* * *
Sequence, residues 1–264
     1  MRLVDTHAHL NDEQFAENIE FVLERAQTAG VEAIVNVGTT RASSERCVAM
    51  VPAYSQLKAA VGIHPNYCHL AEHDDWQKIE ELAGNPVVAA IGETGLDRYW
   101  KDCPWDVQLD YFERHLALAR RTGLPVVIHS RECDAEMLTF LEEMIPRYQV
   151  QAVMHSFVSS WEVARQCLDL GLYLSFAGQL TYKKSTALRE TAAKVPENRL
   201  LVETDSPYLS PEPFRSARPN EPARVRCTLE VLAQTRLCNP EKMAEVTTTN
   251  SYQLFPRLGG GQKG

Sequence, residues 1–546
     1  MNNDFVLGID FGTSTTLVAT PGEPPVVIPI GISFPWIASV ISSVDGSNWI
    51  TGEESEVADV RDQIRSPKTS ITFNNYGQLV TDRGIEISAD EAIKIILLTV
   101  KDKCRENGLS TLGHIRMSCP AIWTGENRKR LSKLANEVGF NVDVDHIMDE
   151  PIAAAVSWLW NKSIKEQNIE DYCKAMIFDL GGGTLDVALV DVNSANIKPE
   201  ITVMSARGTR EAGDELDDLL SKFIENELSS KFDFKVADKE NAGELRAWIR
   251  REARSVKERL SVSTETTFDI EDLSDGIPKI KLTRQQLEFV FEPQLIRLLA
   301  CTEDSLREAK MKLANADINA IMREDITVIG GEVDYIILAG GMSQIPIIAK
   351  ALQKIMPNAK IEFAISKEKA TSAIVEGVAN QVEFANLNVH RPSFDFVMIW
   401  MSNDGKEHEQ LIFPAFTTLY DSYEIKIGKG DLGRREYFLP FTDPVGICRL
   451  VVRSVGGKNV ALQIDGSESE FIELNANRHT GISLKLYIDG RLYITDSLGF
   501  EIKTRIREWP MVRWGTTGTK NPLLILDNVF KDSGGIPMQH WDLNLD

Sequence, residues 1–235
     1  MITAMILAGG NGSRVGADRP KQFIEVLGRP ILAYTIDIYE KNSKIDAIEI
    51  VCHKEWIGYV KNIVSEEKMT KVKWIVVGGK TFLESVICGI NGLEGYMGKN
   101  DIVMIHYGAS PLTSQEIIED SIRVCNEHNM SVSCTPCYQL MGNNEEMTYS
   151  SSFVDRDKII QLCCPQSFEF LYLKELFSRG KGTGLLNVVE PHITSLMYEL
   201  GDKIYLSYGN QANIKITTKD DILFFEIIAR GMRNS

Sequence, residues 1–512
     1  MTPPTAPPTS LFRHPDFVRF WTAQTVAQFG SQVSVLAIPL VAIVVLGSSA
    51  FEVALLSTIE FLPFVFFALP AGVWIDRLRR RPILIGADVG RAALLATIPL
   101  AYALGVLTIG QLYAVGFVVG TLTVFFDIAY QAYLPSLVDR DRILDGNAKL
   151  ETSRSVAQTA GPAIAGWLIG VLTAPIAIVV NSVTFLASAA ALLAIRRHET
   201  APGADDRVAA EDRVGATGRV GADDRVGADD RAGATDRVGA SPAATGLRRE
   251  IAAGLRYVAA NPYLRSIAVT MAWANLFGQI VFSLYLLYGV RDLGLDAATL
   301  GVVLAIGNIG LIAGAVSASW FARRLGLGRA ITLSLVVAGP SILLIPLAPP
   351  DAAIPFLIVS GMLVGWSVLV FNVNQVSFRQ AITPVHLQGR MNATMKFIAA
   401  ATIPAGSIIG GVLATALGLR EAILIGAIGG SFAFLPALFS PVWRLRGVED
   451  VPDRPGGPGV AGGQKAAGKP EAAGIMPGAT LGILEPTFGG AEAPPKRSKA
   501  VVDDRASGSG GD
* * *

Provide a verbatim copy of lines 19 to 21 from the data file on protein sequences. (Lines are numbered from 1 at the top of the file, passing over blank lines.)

   501  EIKTRIREWP MVRWGTTGTK NPLLILDNVF KDSGGIPMQH WDLNLD

Sequence, residues 1–235
     1  MITAMILAGG NGSRVGADRP KQFIEVLGRP ILAYTIDIYE KNSKIDAIEI